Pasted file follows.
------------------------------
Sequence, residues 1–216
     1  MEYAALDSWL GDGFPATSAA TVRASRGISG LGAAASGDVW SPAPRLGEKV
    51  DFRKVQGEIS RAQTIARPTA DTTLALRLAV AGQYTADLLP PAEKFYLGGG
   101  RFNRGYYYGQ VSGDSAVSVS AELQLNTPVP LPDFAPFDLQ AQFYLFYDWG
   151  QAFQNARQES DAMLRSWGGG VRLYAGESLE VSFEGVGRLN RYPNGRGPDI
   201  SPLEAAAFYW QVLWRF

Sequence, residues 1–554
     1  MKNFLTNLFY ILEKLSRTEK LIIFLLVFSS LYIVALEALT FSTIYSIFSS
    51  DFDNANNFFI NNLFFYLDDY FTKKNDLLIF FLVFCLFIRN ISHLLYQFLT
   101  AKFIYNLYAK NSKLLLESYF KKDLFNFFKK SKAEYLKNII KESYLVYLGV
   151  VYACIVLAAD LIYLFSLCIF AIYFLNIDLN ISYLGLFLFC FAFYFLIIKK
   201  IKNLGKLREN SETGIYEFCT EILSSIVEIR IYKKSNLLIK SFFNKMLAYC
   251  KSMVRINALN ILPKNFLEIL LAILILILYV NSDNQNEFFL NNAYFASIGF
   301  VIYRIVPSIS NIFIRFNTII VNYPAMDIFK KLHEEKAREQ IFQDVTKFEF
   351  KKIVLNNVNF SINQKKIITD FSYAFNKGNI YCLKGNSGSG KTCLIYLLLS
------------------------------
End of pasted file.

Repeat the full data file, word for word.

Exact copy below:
Sequence, residues 1–216
     1  MEYAALDSWL GDGFPATSAA TVRASRGISG LGAAASGDVW SPAPRLGEKV
    51  DFRKVQGEIS RAQTIARPTA DTTLALRLAV AGQYTADLLP PAEKFYLGGG
   101  RFNRGYYYGQ VSGDSAVSVS AELQLNTPVP LPDFAPFDLQ AQFYLFYDWG
   151  QAFQNARQES DAMLRSWGGG VRLYAGESLE VSFEGVGRLN RYPNGRGPDI
   201  SPLEAAAFYW QVLWRF

Sequence, residues 1–554
     1  MKNFLTNLFY ILEKLSRTEK LIIFLLVFSS LYIVALEALT FSTIYSIFSS
    51  DFDNANNFFI NNLFFYLDDY FTKKNDLLIF FLVFCLFIRN ISHLLYQFLT
   101  AKFIYNLYAK NSKLLLESYF KKDLFNFFKK SKAEYLKNII KESYLVYLGV
   151  VYACIVLAAD LIYLFSLCIF AIYFLNIDLN ISYLGLFLFC FAFYFLIIKK
   201  IKNLGKLREN SETGIYEFCT EILSSIVEIR IYKKSNLLIK SFFNKMLAYC
   251  KSMVRINALN ILPKNFLEIL LAILILILYV NSDNQNEFFL NNAYFASIGF
   301  VIYRIVPSIS NIFIRFNTII VNYPAMDIFK KLHEEKAREQ IFQDVTKFEF
   351  KKIVLNNVNF SINQKKIITD FSYAFNKGNI YCLKGNSGSG KTCLIYLLLS